Monday, November 07, 2005


I haven’t written much for a while, but it is not for a lack of material. The past four months have been as eventful as the months of travel that preceded them. In August I became a grandfather—twice in two weeks! A grandfather. That seems so strange to write. I…became…a…grandfather. Strange, too, that I should choose today to write about this. I just remembered that it is my grandfather’s birthday.
Irvin David Creech was born on November 7, 1895, in Floresville, Texas. His father, Richard Robert, my namesake (or, am I his?), was the tax assessor and sheriff in Floresville. His was the first family to live in the new jail. I have a photo from an old newspaper showing a group of Boy Scouts and Irvin is in the picture. My grandfather was a 13-year old boy once.
His wife died when she was only 32 and left him with six kids during the Depression. He saw them all out on their own. He had a government job, and so had an income when others did not, and, I’m told, opened his house up to several other families.
I remember Granddad well. He lived until I was a freshman in college. We spent every Easter, Thanksgiving, and Christmas at his farm in Floresville, where my grandmother (my dad’s stepmother), Lilly, still lives. She’ll be 92 in January. Nearly all of their seventeen grandchildren spent a week or sometimes two on the farm together every summer while our parents were off doing Lord-knows-what.
Granddad was a rural mail carrier, working out of the post office in Falls City, Texas. The new post office there is on Irvin Street, named for him. He would finish his route early and be home in time for lunch. We would see his blue Chevrolet pickup raising dust on the county road and all the grandkids would run out to greet him. Sometimes he’d take us riding on those roads in the back of the truck. He’d let the girls sit in his lap in his Lazyboy recliner and put rollers in his hair.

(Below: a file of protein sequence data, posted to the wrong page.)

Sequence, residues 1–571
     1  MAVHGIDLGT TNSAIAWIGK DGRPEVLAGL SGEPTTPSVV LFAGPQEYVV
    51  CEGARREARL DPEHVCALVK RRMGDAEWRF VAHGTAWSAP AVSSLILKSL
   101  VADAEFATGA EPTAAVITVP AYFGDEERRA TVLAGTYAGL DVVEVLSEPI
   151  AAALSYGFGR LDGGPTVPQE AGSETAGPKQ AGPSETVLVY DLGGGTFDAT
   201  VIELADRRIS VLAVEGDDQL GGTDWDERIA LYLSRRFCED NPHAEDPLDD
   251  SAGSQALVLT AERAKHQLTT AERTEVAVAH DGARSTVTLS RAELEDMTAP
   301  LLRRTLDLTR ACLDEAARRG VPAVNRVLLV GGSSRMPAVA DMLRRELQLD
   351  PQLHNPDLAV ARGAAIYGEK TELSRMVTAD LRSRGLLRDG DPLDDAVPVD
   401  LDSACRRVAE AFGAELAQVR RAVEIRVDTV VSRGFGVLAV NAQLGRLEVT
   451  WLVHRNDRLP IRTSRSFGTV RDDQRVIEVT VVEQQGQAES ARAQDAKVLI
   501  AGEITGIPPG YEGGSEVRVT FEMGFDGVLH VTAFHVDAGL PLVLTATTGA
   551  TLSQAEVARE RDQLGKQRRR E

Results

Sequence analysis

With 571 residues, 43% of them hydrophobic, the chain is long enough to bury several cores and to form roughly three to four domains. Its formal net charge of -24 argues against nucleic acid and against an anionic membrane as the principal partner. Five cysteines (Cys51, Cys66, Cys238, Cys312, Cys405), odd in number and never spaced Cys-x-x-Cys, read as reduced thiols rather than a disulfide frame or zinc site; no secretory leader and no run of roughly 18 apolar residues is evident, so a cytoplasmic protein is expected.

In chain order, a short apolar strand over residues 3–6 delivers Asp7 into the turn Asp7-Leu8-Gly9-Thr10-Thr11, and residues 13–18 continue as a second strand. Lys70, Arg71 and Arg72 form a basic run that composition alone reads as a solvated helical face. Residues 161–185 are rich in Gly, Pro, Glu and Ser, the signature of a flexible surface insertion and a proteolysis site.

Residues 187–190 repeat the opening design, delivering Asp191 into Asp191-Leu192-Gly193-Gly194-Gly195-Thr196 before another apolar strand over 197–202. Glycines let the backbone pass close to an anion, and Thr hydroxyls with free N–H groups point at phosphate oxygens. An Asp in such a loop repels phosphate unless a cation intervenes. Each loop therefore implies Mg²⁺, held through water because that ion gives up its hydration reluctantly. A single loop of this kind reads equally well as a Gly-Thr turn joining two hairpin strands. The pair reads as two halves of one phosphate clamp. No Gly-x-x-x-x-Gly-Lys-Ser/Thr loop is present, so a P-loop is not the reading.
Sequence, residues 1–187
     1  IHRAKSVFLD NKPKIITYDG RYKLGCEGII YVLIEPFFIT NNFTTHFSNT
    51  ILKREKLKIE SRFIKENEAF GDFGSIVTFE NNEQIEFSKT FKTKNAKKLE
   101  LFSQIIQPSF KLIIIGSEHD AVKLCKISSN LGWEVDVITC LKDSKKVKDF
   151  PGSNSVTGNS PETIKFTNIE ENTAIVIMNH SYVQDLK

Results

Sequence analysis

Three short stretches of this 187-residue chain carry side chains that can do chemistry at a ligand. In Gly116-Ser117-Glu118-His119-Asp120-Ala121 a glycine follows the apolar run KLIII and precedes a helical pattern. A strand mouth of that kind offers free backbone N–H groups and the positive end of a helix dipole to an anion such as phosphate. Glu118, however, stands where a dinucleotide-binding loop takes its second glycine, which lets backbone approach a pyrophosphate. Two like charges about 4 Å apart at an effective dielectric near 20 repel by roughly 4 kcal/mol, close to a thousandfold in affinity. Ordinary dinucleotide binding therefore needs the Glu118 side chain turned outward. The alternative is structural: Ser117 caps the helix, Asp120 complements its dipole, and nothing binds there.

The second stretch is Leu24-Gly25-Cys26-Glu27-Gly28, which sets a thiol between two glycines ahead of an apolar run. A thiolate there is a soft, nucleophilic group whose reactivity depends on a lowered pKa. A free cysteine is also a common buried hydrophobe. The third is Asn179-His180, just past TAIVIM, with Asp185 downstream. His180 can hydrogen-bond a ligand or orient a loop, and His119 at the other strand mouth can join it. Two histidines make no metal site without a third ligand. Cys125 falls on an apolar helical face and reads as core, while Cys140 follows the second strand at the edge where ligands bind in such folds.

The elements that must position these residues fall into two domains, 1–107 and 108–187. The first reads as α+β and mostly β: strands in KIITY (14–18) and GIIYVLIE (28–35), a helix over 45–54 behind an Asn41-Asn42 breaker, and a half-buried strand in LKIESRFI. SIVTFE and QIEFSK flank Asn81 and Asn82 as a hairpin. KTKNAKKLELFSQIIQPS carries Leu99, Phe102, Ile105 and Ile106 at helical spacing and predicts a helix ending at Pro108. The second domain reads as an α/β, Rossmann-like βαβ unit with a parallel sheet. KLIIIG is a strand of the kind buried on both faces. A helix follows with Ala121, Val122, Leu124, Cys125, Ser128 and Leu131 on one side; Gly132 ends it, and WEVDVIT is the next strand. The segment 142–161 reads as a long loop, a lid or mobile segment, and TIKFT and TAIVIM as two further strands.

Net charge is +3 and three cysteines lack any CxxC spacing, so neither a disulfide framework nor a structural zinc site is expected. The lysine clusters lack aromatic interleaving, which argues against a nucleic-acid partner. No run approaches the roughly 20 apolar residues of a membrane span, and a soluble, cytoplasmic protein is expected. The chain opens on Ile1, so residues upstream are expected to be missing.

I recall how it would be when the families started arriving at his house. The men—his sons and sons-in-law—would sit in the den and smoke cigarettes and talk about politics, the Vietnam War, and the President. The women would sit in the kitchen and smoke cigarettes and talk about the men. I liked to sit on the bed in the den and draw and listen to the deep discussion of the world’s issues by these economic and political experts, whose day jobs had them working in steel mills and chemical plants, but who seemed to know far more about the world than I could imagine. Often there would be a long period of silence followed by Grandad’s sighing and saying, “Well—I don’t know.”
The cigarettes finally won. He died of emphysema, like my dad, at 76. He was always an old man, I thought, though when I was born he was only 57 and I’m 53 now. That’s what makes it strange to write that I am a grandfather. It sounds like being old, and for the life of me, I still feel like a twenty-something with an unusual amount of experience. I don’t feel old.
But now I have two granddaughters. Ava Lynn was born on August 6 to Taylor and Amber, and she lives in Corpus Christi. I don’t get to see her often enough, but emailed digital photos and free long distance on the cell phone help us stay up with her as best we can.
Madison Jean was born on August 20 to Alan and Kathryn, and she lives about a half hour from here and I get to see her almost every week. I wish they both lived next door. I'll probably let them put rollers in my hair. If they want.